David Jones thought so when he wrote in Canada and the Commonwealth that “Harper has taken a reasoned decision, telegraphed far in advance. To wit, he noted upwards of two years ago that unless Sri Lanka leadership improved its human rights performance in relation to the Tamil minority, he would not attend the conference. They haven’t; he won’t.”
And it seems that Harper may have made the right choice – after all, he sewed up the Tamil vote in Scarborough and avoided a useless exercise insofar as the human rights agenda is concerned (See: BBC Leaders of Commonwealth nations issue a final statement at the end of a summit making no mention of alleged human rights abuses by host Sri Lanka  and The Economist:  Sri Lanka and the Commonwealth).
In the wake of the Third Plenary Session of the 18th Communist Party of China Central Committee, CNBC helpfully offers China’s economic reforms: What you need to know , a summary with links.
Forbes is quite giddy over the effect of the reforms on the market, while the Wall Street Journal focuses on social issues, pointing out in China’s Potemkin Reforms that the one child policy will continue for most of the country and that:  “Even if re-education through labor does disappear, China has another, much larger gulag of forced-labor camps, known as “reform through labor,” or laogai. Inmates, believed to number in the millions, have to be convicted of a crime, but that is not a high bar in China’s primitive criminal justice system. Once a suspect is arrested, conviction is virtually guaranteed.”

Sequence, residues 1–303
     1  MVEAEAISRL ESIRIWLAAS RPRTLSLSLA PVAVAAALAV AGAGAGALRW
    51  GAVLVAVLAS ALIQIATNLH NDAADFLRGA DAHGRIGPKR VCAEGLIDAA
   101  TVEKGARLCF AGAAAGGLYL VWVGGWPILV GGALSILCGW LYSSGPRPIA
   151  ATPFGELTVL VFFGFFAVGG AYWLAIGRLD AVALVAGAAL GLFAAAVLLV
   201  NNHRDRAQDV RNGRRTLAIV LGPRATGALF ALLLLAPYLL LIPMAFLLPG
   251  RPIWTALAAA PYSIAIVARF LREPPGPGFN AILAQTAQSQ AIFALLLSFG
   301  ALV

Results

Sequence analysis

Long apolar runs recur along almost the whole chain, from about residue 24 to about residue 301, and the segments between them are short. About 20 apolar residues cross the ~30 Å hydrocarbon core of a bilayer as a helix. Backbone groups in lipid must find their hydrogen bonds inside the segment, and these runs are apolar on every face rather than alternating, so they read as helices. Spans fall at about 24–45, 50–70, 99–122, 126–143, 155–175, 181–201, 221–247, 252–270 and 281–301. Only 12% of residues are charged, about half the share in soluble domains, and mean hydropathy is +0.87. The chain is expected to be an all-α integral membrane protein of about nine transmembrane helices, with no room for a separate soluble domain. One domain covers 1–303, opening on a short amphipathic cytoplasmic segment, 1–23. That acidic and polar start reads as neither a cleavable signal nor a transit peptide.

And, for the market mavens: Dow Jones hits 16,000 points as stock markets hail China’s reforms – as it happened Beijing’s plans to liberalise Chinese economy send world stock markets to highest level since January 2008
Climate Change
One would think that Typhoon Haiyan should spur climate change action at the Warsaw Climate Change Conference, however Deutsche Welle reports Pleas but no progress at climate talks There is a good status report as of Monday, 18 November on Think Progress – Dispatches From Warsaw: Controversial Issues Threaten To Derail Global Climate Talks
Meanwhile, unseasonable tornadoes wreaked havoc in the U.S. Middle West
See also Jeffrey Sachs: A few more storms like Typhoon Haiyan may finally make our leaders act on climate change
Not incidentally, our OWN Cleo Paskal is speaking at the Xth annual Trudeau Foundation Conference on Friday, 22 November at 9:30 am – unfortunately, if you haven’t registered, there is no more room at the inn. Her topic is How changes to the three “geos” – geophysics, geopolitics and geoeconomics – are rewriting the world map
We have had the privilege of hearing her views on this topic on several occasions, but she always has fresh material and new insights.

Given the weight of the topics proposed, it is only fair that we offer you some brain candy and here it is: from Wonderful engineering; These 40 Ideas Will Make Your House Super Awesome! – In fairness, we would add that many of these clever innovations were obviously conceived by talented engineers who do not have to worry about cleaning and maintaining order in their homes.

One Comment on "Wednesday Night #1655"